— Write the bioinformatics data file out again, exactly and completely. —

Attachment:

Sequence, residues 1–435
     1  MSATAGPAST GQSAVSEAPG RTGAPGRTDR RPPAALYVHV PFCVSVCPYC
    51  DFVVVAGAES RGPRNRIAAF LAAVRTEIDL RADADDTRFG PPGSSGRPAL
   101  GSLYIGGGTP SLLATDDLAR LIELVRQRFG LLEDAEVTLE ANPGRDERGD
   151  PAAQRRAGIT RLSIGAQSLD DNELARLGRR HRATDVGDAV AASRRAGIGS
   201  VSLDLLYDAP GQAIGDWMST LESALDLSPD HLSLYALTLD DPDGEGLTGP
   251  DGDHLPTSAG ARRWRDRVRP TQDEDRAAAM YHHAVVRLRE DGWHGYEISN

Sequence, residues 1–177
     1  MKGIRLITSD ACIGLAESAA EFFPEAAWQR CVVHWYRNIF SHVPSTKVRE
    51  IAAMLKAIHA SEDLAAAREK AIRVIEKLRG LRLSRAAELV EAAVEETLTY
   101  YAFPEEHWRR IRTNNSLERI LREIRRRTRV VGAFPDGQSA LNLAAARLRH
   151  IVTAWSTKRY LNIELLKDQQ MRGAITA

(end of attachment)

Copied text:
Sequence, residues 1–435
     1  MSATAGPAST GQSAVSEAPG RTGAPGRTDR RPPAALYVHV PFCVSVCPYC
    51  DFVVVAGAES RGPRNRIAAF LAAVRTEIDL RADADDTRFG PPGSSGRPAL
   101  GSLYIGGGTP SLLATDDLAR LIELVRQRFG LLEDAEVTLE ANPGRDERGD
   151  PAAQRRAGIT RLSIGAQSLD DNELARLGRR HRATDVGDAV AASRRAGIGS
   201  VSLDLLYDAP GQAIGDWMST LESALDLSPD HLSLYALTLD DPDGEGLTGP
   251  DGDHLPTSAG ARRWRDRVRP TQDEDRAAAM YHHAVVRLRE DGWHGYEISN

Sequence, residues 1–177
     1  MKGIRLITSD ACIGLAESAA EFFPEAAWQR CVVHWYRNIF SHVPSTKVRE
    51  IAAMLKAIHA SEDLAAAREK AIRVIEKLRG LRLSRAAELV EAAVEETLTY
   101  YAFPEEHWRR IRTNNSLERI LREIRRRTRV VGAFPDGQSA LNLAAARLRH
   151  IVTAWSTKRY LNIELLKDQQ MRGAITA